When Ethics Alarms Don’t Ring: Lounge Toppling In Chicago


Loretta Micele had begun working concessions for the Chicago White Sox in 1945, at the old Comiskey Park. She was still working in 2005, 60 years later, long after the White Sox had a new stadium. The Chisox were in the World Series that year, and before the first game, a shocked Loretta, then 85, was brought onto the field as the team saluted her long service to the team. She was told that a section of tables and seats next to the stand down the third base line where she sold and handed out hot dogs and Cokes would be named “Loretta’s Lounge” in her honor. Loretta was cheered by the full stadium ,a blew kisses to the crowd. It was a glorious day.

The grandmother of 25 and loyal White Sox fan and employee is gone now, but “Loretta’s Lounge” gives a little bit of immortality to her and, by extension, to the many anonymous workers who make baseball teams and every other organization thrive, if it is to thrive at all.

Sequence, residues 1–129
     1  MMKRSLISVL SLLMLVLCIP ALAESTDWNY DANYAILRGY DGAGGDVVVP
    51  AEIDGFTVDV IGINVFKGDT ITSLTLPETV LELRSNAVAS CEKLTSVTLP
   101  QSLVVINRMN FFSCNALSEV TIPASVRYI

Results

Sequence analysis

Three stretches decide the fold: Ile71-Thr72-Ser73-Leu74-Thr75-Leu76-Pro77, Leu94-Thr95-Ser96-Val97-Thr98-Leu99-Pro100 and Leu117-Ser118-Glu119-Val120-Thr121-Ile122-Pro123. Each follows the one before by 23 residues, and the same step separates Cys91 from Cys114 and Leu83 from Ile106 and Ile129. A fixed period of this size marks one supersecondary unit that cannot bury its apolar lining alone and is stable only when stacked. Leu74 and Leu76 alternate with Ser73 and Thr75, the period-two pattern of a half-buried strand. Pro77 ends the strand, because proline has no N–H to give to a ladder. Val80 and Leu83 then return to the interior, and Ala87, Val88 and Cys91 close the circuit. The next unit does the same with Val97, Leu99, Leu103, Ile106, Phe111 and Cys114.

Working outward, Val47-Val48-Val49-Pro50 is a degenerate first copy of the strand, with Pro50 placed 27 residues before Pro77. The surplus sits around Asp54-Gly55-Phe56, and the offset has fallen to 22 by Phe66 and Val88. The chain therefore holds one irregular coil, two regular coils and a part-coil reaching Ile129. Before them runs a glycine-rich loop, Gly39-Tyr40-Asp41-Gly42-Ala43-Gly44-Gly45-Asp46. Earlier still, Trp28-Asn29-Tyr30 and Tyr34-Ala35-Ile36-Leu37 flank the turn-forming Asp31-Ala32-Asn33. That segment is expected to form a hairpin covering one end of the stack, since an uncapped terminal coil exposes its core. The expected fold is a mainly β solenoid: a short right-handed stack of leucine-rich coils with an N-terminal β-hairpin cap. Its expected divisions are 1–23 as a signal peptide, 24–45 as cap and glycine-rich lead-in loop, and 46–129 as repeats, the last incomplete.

Did I say “gives”? No, the right term is “gave.” When the White Sox brought Hall of Fame manager Tony LaRussa out of retirement last year to manage the team, it renamed the area “LaRussa’s Lounge.”

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